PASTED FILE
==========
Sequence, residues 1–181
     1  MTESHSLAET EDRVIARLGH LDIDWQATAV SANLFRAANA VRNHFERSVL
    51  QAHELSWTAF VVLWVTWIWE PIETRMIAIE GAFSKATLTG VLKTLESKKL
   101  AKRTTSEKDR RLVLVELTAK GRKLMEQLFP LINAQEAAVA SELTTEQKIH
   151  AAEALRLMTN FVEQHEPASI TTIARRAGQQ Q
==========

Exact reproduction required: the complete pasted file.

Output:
Sequence, residues 1–181
     1  MTESHSLAET EDRVIARLGH LDIDWQATAV SANLFRAANA VRNHFERSVL
    51  QAHELSWTAF VVLWVTWIWE PIETRMIAIE GAFSKATLTG VLKTLESKKL
   101  AKRTTSEKDR RLVLVELTAK GRKLMEQLFP LINAQEAAVA SELTTEQKIH
   151  AAEALRLMTN FVEQHEPASI TTIARRAGQQ Q